Iodine test is a chemical test that can tell the difference between monosaccharides and polysaccharides like amylase, glycogen, and dextrin.
What is Iodine Test?
The iodine test is a test used to determine the presence of starch in a sample. Iodine is a chemical element that reacts with starch to form a complex called “iodine-starch complex” which appears as a blue-black color.
The procedure involves mixing a small amount of the sample with a few drops of iodine solution. If starch is present in the sample, the mixture will turn blue-black, indicating a positive test result. If the mixture remains yellow, then no starch is present, and the result is negative.
Aim of Iodine Test
Using an iodine test, one can detect starch in a given sample. The iodine test can discriminate between starch and monosaccharides, disaccharides, and other polysaccharides.
Principle of Iodine Test
In the iodine test, polyiodide ions form colorful adsorption complexes with helical chains of glucose residues of amylase (blue-black), dextrin (black), or glycogen (reddish-brown). Monosaccharides, disaccharides, and branching polysaccharides like cellulose are non-pigmented. Amylopectin is orange-yellow in colour.
The reagent utilized in the iodine test is Lugol’s iodine, an aqueous solution of elemental iodine and potassium iodide. Iodine by itself is not soluble in water. When potassium iodine is added, the iodine ion combines reversibly with iodine to form a triiodide ion, which then reacts with another iodine molecule to form a pentaiodide ion.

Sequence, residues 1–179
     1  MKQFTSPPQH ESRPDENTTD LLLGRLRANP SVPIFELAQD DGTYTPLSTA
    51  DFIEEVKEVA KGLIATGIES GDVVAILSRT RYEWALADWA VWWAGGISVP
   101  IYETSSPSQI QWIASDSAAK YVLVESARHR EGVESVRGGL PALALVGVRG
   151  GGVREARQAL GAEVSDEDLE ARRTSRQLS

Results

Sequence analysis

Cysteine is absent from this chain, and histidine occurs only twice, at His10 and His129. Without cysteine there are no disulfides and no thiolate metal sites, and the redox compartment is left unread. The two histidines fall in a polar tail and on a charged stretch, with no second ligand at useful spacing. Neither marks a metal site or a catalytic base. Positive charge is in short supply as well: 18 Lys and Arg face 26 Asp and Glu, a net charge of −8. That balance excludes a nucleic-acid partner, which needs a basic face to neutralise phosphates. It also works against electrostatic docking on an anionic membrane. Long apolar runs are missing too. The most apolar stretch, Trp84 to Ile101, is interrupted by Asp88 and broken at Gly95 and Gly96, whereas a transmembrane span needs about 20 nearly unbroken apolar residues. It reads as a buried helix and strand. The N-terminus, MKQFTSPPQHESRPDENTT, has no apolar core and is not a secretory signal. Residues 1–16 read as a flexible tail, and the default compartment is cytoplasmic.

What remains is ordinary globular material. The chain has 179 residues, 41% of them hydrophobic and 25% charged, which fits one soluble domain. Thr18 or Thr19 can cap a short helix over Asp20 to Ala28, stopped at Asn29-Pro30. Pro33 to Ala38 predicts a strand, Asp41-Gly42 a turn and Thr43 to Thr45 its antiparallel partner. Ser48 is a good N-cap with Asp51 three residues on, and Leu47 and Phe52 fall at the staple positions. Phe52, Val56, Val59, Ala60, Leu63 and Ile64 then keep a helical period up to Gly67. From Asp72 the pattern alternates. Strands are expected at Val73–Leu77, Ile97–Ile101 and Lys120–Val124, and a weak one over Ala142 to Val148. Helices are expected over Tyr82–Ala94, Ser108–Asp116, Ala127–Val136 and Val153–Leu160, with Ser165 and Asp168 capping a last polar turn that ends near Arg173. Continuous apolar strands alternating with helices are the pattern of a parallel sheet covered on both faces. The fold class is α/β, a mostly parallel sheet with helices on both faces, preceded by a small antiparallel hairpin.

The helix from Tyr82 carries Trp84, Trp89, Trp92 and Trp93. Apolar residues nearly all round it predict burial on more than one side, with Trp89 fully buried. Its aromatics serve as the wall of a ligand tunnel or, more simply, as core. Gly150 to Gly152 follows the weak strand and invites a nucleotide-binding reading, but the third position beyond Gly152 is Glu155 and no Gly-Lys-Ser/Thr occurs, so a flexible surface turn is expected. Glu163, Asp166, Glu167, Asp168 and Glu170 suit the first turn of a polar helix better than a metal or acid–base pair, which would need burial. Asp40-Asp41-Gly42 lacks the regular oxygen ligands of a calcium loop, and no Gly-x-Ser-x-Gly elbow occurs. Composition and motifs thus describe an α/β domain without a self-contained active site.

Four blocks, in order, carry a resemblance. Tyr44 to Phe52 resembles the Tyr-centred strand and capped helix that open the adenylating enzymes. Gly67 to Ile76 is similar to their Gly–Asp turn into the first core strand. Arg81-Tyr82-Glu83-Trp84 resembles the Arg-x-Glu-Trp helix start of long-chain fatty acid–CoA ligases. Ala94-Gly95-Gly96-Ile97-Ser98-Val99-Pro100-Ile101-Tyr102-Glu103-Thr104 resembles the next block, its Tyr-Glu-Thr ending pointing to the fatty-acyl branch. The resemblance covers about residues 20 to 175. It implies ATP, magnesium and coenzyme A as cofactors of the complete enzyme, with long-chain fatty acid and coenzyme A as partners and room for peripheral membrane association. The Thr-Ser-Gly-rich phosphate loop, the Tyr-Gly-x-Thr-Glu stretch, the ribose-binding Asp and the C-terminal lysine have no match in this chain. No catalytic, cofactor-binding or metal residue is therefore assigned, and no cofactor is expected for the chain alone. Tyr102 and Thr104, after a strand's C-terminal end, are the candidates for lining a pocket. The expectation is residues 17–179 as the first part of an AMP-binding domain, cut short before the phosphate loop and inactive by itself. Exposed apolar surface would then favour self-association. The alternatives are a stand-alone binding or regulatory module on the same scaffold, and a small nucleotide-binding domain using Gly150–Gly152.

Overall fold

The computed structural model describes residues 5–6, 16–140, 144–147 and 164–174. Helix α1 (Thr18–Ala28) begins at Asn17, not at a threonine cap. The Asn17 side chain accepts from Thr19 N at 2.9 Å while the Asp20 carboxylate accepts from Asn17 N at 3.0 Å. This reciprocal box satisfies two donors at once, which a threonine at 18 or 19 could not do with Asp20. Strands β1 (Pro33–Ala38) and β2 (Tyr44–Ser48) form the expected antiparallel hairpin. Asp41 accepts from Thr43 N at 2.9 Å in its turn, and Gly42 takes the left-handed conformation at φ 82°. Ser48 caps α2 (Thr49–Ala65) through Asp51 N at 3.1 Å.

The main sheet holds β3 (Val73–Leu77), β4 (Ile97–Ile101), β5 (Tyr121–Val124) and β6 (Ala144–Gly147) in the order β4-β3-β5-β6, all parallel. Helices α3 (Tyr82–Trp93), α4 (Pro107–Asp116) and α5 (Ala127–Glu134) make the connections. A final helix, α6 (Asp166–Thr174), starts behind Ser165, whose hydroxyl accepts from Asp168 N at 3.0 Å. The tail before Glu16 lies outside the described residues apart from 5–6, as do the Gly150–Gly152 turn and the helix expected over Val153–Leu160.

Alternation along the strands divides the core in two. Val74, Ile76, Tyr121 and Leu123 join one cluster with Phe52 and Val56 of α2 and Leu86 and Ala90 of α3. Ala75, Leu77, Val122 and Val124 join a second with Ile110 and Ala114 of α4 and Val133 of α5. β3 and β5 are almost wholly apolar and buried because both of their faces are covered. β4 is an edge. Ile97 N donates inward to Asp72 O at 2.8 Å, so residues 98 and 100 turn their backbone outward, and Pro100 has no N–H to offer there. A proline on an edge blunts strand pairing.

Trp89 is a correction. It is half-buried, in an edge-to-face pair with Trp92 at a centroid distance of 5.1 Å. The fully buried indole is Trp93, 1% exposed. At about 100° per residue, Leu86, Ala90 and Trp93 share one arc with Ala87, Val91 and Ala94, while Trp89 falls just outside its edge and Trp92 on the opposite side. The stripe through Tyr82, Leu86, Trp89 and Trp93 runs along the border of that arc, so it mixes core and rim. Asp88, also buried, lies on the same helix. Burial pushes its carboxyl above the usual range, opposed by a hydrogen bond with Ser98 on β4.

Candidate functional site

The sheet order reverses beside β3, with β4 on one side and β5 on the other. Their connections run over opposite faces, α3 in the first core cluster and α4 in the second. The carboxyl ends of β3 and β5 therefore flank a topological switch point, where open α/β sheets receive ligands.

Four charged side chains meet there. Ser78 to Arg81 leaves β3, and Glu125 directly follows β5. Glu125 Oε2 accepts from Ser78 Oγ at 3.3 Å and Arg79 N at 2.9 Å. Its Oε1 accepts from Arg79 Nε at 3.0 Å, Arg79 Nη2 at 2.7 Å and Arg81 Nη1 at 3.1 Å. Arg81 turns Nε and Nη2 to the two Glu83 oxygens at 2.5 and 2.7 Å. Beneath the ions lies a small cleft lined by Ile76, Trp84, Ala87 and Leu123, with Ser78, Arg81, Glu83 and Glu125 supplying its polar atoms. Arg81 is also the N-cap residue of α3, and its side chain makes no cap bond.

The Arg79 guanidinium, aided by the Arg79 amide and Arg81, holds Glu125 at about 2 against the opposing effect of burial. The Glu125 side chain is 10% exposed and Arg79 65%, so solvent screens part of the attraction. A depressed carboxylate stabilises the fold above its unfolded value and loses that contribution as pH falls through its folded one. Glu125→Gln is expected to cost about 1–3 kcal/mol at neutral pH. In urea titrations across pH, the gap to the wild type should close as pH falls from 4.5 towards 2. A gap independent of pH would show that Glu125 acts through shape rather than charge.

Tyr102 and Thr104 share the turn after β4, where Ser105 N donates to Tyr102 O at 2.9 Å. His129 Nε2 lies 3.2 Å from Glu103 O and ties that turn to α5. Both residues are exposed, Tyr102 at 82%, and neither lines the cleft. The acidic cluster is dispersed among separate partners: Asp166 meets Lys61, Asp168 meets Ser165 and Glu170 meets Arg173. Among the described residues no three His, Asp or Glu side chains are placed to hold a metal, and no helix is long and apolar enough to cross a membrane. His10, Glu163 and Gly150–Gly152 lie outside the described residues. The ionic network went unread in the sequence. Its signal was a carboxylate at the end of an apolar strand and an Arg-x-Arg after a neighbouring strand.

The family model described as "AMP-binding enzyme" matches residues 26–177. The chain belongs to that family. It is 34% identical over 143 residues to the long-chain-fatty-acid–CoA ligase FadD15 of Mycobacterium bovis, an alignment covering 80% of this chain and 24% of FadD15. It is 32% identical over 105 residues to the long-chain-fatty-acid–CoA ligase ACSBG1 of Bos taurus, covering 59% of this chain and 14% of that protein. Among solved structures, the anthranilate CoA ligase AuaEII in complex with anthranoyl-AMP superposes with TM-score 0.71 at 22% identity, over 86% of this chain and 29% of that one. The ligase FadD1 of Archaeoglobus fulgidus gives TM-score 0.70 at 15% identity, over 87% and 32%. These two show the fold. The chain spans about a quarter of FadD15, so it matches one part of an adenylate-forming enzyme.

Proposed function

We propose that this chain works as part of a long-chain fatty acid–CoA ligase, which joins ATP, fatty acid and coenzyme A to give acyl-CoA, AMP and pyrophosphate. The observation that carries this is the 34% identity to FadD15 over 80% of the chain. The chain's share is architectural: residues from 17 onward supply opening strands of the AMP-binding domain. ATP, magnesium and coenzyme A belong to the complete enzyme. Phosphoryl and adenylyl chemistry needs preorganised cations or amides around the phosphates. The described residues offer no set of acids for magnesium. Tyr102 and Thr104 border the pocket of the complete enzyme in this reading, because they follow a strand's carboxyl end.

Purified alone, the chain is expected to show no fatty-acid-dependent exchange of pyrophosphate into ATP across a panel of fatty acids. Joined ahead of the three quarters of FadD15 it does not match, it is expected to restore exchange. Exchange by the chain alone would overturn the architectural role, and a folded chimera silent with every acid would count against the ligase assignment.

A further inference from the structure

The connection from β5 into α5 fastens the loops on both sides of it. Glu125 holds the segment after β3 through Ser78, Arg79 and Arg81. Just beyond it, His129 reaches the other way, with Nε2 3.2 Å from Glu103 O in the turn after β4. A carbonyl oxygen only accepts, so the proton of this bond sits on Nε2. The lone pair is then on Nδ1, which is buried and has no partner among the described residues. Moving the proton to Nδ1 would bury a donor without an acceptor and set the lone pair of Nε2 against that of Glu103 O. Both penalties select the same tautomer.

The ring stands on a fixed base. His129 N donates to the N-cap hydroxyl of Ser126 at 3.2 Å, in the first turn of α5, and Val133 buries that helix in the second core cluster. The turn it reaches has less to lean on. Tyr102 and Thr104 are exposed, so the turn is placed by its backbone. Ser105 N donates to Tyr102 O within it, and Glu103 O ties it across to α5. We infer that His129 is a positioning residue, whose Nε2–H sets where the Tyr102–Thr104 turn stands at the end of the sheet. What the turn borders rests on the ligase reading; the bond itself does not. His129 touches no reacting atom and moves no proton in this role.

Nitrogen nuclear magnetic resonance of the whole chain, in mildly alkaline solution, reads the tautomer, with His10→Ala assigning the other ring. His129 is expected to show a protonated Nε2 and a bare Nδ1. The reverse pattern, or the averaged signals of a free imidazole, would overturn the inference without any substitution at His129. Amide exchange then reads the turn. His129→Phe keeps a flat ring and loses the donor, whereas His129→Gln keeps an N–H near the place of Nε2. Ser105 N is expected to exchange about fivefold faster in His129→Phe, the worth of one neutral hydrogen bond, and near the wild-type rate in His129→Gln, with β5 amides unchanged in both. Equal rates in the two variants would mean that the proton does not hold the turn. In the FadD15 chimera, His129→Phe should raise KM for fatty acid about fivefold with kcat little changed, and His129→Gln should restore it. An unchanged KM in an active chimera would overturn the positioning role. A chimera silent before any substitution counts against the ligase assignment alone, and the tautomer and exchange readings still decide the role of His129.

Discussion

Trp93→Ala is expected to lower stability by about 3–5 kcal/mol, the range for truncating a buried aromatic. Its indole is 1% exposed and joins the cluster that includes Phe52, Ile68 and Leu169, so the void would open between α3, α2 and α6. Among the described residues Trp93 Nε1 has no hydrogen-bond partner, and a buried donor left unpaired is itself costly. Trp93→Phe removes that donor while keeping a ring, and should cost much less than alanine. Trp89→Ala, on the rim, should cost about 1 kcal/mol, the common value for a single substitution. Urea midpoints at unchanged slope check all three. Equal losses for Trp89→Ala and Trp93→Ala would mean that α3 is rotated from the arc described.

The ions iodide, triiodide, and pentaiodide are colorless, whereas the bench iodine solution is brown. The helix (coil or spring) structure of the glucose chain appears to be important in the Iodine test. Furthermore, the length of the glucose chains determines the colour produced. The resulting ions, triiodide and pentaiodide, are linear and slip within the helix structure.
Charge exchange between the helix and the polyiodide ions is thought to cause changes in the spacing of the energy levels, allowing the complex to absorb visible light and give it its colour. The colour intensity decreases as temperature and water-miscible organic compounds such as ethanol are added.
The blue amylase-iodine complex dissociates when heated, but reassembles when cooled because the helical shape is broken; as a result, amylose loses its ability to bind iodine and blue colour. Cooling restores the blue hue by restoring the helical structure as well as the iodine binding capacity.
Iodine Test Requirements
Reagent: Lugol’s iodine.
Supplies: Test Tubes, Test tube stand.
Equipment: Water bath, Vortex.
Note: Lugol’s iodine is made by mixing 5% elemental iodine with 10% potassium iodide to make Lugol’s iodine.
Procedure of Iodine Test
- 1 mL of the sample should be added to a clean, dry test tube.
- In a separate tube, regulate 1 mL of pure water.
- Combine a few drops of Lugol’s solution and mix them together.
- Examine the colour in the test tubes to determine its appearance.
- In a water bath, heat the test tubes until the colour fades.
- Set aside the test tubes to cool.
- Take note of the coloration of the test tubes.
Figure 1: Iodine test for starch diagram | Diagram by NotesHippo
Iodine Test Results and Analysis
The result of the iodine test is based on the color change of the mixture of the sample and the iodine solution. If the mixture turns blue-black, then starch is present in the sample. If the mixture remains yellow, then no starch is present.